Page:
With 16 years of sobriety under his belt, Dax Shepard has served as a beacon of hope for people in recovery. With a reset of his sobriety clock last week after confessing to a slip with prescription painkillers, he still is.
The actor has been open about his addiction to alcohol and cocaine, and that transparency and honesty has undoubtedly helped many people through their own recovery journeys. But recovery from addiction is not always a one-way, detour-free road. Even people who have been sober for years must be diligent and self-aware or risk relapsing in ways that are easy to justify.
That's the scenario Shepard described in his recent podcast, in which he announced that he's now seven days sober. For people who struggle with addiction, it's a cautionary tale. He didn't take a drink, and he didn't touch cocaine. His slide into addiction relapse happened with prescription painkillers—Vicodin and Percocet. He started taking prescription pain pills after a motorcycle accident in 2012, moved to taking pills with his dad who was dying of cancer, and then came a gradual spiral of justifications, lying, gas lighting, and other addictive behaviors that enabled him to abuse those pills without acknowledging he was doing so.
Shepard laid it all out to his podcast partner, Monica Padman, last week. The way he was careful at first to only take the pills his wife, Kristen Bell, administered. Then how he'd save his two nighttime pills, because they made it hard to sleep, only to take them the next day with his morning pills to get the high he wanted. How he'd ask himself if this was a slip, start feeling like he was maybe in trouble, then convince himself he had it under control.
He talked about how easy it was to convince himself it wasn't really a problem because the pill use felt "manageable." He knew if he started drinking or doing cocaine, he'd be out of control—he understood those to be unmanageable addictions. But the pain pills didn't keep him from doing his work or his dad duties or his normal daily life, so it was easy to keep using them.
Then he explained how, after more injuries this year, his painkiller use got "shadier and shadier." He started buying pills instead of just using the ones he was prescribed. When he started lying to his loved ones and was high at his 16-year sobriety celebration earlier this month—which he called "the worst hour of my life"—he knew he was in trouble.
So in recent weeks, Shepard came clean to Bell and Padman privately and gave them all of his remaining pills. He spoke to a friend he looks up to, who frankly told him that his biggest character flaw was arrogance, that he basically thought he was smart enough to outsmart addiction. He realized the only antidote to that was extreme humility.
Shepard attended an AA meeting and shared the whole story with them as well. He said it was one of the most powerful experiences he's had ever had.
"So Tuesday really was day one. Yeah. And then, so I went to this meeting and I…man, I've known the men in this meeting for seventeen and a half years because I had many attempts before I got going. And I told my whole story and I told it honestly. And I went first and I was crying and it turned into the most incredible, like, 90 minutes I've ever experienced, where there was just so much love and there was so much understanding and kindness in unconditional love.
And it's the only—there's probably been many others—but it's the only experience I can remember having that was just grace, the definition of grace, and it was very emotional and it was a really, really surreal kind of experience.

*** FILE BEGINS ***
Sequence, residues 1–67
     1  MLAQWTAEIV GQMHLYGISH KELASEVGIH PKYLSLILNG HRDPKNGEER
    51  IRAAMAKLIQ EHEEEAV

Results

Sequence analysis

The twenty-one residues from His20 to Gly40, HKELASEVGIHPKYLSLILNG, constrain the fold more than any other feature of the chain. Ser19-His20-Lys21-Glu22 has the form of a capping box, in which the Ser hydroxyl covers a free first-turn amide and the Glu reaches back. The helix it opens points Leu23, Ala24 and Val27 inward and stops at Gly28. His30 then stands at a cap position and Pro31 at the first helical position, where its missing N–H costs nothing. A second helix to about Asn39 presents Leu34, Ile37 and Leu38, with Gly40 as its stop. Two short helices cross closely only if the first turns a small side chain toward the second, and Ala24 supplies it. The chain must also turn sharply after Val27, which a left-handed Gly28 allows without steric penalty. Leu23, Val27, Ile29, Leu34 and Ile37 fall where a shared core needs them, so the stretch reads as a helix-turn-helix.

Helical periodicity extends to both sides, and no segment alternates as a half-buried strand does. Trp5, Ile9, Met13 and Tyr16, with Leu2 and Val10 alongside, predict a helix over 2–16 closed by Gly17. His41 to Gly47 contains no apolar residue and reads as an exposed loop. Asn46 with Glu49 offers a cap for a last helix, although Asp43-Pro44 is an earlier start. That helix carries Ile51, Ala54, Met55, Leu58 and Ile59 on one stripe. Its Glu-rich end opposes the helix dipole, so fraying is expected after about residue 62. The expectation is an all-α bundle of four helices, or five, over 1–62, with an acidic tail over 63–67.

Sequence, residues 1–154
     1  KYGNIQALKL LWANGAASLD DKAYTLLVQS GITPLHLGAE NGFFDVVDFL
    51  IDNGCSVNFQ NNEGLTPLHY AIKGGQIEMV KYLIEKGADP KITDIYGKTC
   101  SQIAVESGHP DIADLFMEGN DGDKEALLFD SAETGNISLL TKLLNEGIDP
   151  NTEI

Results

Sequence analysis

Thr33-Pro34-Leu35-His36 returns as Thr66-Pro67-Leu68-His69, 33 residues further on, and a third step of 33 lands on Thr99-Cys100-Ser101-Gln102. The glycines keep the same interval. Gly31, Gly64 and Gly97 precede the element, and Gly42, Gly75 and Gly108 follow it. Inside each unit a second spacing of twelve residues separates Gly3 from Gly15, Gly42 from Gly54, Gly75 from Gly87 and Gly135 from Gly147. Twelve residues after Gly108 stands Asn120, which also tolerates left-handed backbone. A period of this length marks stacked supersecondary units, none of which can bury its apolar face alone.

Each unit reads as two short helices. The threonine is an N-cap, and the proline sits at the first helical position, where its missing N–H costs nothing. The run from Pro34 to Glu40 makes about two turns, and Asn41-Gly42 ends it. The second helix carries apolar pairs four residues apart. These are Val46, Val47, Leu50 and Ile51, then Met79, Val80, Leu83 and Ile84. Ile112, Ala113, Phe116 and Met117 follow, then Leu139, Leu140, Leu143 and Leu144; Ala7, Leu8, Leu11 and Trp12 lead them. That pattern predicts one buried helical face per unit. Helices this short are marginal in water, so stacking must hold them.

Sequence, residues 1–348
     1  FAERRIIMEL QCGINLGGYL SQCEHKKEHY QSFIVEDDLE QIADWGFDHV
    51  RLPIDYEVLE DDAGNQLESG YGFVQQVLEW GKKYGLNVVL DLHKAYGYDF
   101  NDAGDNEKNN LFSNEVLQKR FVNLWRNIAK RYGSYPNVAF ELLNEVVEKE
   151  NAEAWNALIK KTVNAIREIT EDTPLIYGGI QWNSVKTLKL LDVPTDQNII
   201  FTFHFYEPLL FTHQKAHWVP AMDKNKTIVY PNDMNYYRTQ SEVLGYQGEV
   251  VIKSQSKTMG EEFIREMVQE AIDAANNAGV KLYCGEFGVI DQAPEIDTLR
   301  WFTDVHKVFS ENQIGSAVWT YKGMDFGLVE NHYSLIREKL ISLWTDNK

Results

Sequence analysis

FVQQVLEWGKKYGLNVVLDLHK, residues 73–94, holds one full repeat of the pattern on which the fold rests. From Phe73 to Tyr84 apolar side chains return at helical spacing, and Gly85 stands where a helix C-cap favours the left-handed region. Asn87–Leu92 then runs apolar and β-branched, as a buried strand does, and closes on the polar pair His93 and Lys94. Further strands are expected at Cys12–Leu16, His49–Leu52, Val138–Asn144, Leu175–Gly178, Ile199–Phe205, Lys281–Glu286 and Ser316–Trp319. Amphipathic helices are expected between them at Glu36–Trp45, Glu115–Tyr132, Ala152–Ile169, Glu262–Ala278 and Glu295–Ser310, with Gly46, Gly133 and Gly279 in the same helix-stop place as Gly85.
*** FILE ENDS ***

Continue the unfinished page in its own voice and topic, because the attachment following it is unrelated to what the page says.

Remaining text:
And when it was over, I actually mentally, for the first time in a very long time, felt optimistic because for the last while, a long time, I've known intellectually that things are going to get worse, that each encounter with it has gotten more shady and more dangerous, and I recognize that the next go around would be, oh, I can't get pills, let's snort heroin. And, you know, and I've had a lot of friends that I've watched go through this whole cycle.
And I finally have the humility to say I will not be any different, I won't be special, I won't be smarter. I will be exactly like everyone else."
Then he decided to come clean publicly, despite a great deal of fear and embarrassment in doing so. He said he worried about how it affect opportunities for Kristen, how it might impact him financially due to companies that might not want to work with him now, how the bombardment of judgments about what he should have done or could have done might feel, how people who looked up to him for his sobriety might feel betrayed or misled.
He ultimately decided that total and complete honesty was the only way to go. And of course, that authenticity is what his fellow recovering addicts really need to see.
Dear @daxshepard - Thank you. Our recovery journeys are long and difficult AND the most incredible part of our live… https://t.co/ezBPIeoQhR— Brené Brown (@Brené Brown) 1601062455.0
Day 7. Can’t stop getting real emotional about how sad and beautiful, how scary and empowering this is to listen to… https://t.co/EwTCtyQyb3— Andrew Zimmern (@Andrew Zimmern) 1601090700.0
"So if you got more than seven days, you got more than me. So you're my elder and I look up to you," said Shepard. "And, you know, onward and upward for all the people who have been along on this whole journey for the last few years. I feel—and this is not to sound cheesy, but I feel the same responsibility to the people who love the show and are with us, because I think it's such an emotional connection we all have."
Congratulations on your sobriety and thank you for your honesty, Dax. Onward and upward.
You can listen to Shepard's Armchair Expert "Day 7" podcast episode here.
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